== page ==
But Guam can be used for much more than this simple, if rather practical, use case. Rules could be written that prevent downloading of attachments from mobile devices, or accessing messages marked as top-secret when being accessed from outside an organization's firewall. Or they could limit message listings to just the most recent or unread ones and provide access to that as a special service on a non-standard port. They could round-robin between IMAP servers, or direct different users to different IMAP servers transparently. And all of these can be chained in whichever order suits you.

The Essential Workings

The two most important things to configure in Guam are the IMAP servers to be accessed and the ports to accept client connections on.

guam: an IMAP session filter/proxy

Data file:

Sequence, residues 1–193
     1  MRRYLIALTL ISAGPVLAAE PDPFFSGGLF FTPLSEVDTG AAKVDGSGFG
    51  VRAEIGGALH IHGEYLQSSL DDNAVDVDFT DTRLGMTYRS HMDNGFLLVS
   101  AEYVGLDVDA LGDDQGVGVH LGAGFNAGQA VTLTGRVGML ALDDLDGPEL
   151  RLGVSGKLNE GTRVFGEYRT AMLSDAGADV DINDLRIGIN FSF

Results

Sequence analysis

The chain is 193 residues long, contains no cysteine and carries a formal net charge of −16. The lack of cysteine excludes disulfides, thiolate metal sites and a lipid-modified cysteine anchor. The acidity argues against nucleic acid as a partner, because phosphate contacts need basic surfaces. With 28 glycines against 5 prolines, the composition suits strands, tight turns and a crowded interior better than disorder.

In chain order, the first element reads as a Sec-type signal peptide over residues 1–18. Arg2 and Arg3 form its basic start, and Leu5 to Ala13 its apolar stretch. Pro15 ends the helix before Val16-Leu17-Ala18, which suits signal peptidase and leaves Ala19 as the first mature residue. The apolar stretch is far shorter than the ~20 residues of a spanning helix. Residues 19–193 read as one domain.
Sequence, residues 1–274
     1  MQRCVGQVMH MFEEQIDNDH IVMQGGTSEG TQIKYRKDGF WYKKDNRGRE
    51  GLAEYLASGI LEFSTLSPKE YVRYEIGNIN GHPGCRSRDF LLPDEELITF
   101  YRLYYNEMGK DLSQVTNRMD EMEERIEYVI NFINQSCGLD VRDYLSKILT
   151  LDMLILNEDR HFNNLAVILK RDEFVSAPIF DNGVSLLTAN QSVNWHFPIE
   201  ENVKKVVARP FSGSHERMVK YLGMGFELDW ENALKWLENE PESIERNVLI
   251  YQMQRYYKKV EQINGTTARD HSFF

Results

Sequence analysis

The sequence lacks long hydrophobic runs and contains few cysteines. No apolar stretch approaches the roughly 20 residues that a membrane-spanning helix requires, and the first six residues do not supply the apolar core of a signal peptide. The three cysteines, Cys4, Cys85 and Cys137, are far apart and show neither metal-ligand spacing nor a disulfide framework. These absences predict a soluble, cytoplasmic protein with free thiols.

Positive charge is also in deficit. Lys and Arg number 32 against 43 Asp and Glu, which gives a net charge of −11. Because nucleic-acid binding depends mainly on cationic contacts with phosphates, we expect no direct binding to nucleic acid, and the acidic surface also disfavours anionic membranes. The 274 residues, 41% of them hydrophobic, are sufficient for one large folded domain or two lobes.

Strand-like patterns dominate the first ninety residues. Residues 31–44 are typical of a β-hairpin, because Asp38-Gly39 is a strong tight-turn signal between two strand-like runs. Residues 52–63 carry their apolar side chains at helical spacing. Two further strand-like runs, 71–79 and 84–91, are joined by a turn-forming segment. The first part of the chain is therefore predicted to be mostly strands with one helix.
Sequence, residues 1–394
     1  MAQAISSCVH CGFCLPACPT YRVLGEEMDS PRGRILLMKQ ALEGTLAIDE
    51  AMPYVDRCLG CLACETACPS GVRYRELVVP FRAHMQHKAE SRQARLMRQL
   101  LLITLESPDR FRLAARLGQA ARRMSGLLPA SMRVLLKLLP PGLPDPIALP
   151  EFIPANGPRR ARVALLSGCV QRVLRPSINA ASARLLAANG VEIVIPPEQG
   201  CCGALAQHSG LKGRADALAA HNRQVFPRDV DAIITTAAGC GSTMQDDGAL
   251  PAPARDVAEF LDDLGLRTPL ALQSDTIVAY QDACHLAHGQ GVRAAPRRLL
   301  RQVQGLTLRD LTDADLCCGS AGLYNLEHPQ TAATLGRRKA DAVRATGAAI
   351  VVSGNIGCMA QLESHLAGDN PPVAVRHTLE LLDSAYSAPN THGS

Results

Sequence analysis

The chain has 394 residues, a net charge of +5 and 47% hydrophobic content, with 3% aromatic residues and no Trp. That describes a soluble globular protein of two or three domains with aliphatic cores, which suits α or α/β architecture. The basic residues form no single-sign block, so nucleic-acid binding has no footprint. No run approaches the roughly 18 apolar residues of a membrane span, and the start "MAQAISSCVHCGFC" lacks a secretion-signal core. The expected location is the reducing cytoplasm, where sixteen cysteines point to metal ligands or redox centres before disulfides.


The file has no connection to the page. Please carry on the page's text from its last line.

Listener configuration includes the interface and port to listen on, TLS settings, which IMAP backend to use and, of course, the rule set to apply to traffic. IMAP server configuration includes the usual host/port and TLS preferences, and the listeners refer to them by name. It's really not very complicated. :)

Rules are implemented in Guam as Erlang modules which implement a simple behavior (Erlangish for "interface"): new/1, applies/3, apply_to_client_message/3, apply_to_server_message/3, and optionally imap_data/3. The name of the module defines the name of the rule in the config: a rule named foobar would be implemented in a module named kolab_guam_rule_foobar.

... and for a quick view that's about all there is to it!

Under the hood